Ad Hominem - Circumstantial


The argument attacks a position by appealing to the vested interests of a person who holds the position.



"You can hardly convince me that increases in the military budget are desirable when I happen to know that you work in a munitions factory."


 "We can safely ignore Mitt Romney's arguments that tax cuts for the very wealthy would help the economy. As a member of the 1%, he is only looking out for the interests of himself and his rich friends."



In many context--especially law, but also journalism, politics and business--we pay close attention to conflicts of interest, and we are right to do so. Judges are required to "recuse" themselves from cases in which their personal interests could influence their decision. We need to know when journalists are reporting on the same institutions that pay their salaries. We cringe when we discover that our political leaders receive campaign contributions from companies with an interest in how our leaders vote. From experience we know that decisions are influenced by the vested interests of the decision maker. We have legitimate reasons to guard against conflicts of interest.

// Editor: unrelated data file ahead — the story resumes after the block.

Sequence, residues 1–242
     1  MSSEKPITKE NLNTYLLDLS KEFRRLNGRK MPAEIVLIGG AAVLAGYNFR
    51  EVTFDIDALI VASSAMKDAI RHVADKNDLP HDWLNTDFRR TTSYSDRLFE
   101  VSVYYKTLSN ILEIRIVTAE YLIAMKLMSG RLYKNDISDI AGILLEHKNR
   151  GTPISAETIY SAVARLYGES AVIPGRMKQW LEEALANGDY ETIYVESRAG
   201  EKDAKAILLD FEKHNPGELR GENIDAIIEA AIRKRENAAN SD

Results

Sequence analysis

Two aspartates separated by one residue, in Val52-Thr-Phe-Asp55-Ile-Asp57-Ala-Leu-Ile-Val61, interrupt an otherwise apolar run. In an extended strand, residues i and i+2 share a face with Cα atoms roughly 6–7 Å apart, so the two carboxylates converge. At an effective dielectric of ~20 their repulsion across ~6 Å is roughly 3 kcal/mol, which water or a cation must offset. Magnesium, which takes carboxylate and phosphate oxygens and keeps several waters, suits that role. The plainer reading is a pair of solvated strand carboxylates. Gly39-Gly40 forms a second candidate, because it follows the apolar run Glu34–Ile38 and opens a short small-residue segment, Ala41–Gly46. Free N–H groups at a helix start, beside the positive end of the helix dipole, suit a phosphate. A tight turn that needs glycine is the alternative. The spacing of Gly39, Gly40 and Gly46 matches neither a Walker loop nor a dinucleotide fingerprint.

The Ad Hominem - Circumstantial fallacy persuades by mimicking our legitimate concerns over conflict of interest. However, arguments are not decisions. A person with a conflict of interest may reason badly (and thus make a bad decision), but his conflict of interest need not influence our assessment of his argument. We need to decide whether or not to accept his argument. The decision to be made is ours, not his. Hence we would be right to be concerned with our own conflicts of interest, but his conflicts of interest are an irrelevant distraction.


Source: Contemporary writers distinguish the various forms of ad hominem fallacy. I first became aware of the distinction between the circumstantial ad hominem and the abusive ad hominem from Irving M. Copi, Introduction to Logic, the earliest edition of which appeared in 1953. It is possible that Copi was the first logician to draw this distinction, but I have always assumed that he took it from an earlier source.


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